Between Tradition and Modernity: Marriage Dynamics in Kyrgyzstan

Lesia Nedoluzhko, Victor Agadjanian

Research output: Contribution to journalArticlepeer-review

21 Scopus citations


The demographic literature on union formation in post-communist Europe typically documents retreat from marriage and increase in cohabitation. However, sociological and anthropological studies of post-Soviet Central Asia often point to a resurgence of various traditional norms and practices, including those surrounding marriage, that were suppressed under Soviet rule. We engage these two perspectives on union formation by analyzing transition to first marriage in Kyrgyzstan both before and after the collapse of the USSR. We use uniquely detailed marriage histories from a nationally representative survey conducted in the period 2011–2012 to examine the dynamics of traditional marital practices among that country’s two main ethnic groups—Kyrgyz and Uzbeks—focusing on trends in arranged marriages and in marriages involving bride kidnapping. The analysis reveals instructive ethnic and period differences but also indicates an overall decline in the risks of both types of traditional marriage practices in the post-Soviet era. In fact, although the decline has characterized all marriage types, it was more substantial for traditional marriages. We interpret these trends as evidence of continuing modernization of nuptiality behavior in the region.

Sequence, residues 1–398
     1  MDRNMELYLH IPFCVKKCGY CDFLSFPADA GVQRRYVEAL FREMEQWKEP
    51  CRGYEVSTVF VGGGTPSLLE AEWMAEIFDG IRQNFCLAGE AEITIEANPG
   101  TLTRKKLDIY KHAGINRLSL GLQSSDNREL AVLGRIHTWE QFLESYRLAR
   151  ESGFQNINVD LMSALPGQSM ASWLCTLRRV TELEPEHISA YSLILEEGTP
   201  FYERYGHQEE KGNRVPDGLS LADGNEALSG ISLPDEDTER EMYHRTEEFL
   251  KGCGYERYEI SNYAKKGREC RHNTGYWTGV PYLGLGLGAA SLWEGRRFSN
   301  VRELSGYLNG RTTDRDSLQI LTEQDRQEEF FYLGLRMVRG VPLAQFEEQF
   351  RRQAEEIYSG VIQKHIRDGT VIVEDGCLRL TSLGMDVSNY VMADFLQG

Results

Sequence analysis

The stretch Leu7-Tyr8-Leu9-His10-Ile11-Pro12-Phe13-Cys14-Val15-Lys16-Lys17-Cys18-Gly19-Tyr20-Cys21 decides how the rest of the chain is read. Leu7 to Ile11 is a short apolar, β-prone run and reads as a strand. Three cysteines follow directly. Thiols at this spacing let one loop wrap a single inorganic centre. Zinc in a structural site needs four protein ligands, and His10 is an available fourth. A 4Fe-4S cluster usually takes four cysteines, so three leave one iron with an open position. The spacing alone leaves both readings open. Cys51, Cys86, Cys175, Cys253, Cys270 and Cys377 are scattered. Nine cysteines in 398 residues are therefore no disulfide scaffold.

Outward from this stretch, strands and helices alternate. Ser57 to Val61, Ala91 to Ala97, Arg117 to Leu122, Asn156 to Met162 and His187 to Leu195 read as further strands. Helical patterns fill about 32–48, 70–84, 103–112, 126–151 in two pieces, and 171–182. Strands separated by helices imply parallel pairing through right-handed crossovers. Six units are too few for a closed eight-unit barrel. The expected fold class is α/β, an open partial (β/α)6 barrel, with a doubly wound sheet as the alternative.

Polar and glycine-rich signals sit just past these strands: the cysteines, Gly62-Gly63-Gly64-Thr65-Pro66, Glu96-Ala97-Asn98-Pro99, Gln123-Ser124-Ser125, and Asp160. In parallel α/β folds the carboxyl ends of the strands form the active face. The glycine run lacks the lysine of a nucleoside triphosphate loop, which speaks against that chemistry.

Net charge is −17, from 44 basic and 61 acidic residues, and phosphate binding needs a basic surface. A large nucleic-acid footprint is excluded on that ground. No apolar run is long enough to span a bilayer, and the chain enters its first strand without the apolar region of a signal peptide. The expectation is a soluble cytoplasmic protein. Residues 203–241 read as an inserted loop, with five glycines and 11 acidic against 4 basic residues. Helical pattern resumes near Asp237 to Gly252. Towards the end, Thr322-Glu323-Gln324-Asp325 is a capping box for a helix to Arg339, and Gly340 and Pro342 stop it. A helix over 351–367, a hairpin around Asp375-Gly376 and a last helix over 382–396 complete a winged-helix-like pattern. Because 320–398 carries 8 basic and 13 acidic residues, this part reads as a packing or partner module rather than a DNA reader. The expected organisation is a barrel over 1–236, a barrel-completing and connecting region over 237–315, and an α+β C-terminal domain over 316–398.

Original languageEnglish (US)
Pages (from-to)861-882
Number of pages22
Issue number3
StatePublished - Jun 13 2015


  • Central Asia
  • Event-history analysis
  • Modernization
  • Nuptiality
  • Traditional marriage

ASJC Scopus subject areas

  • Demography


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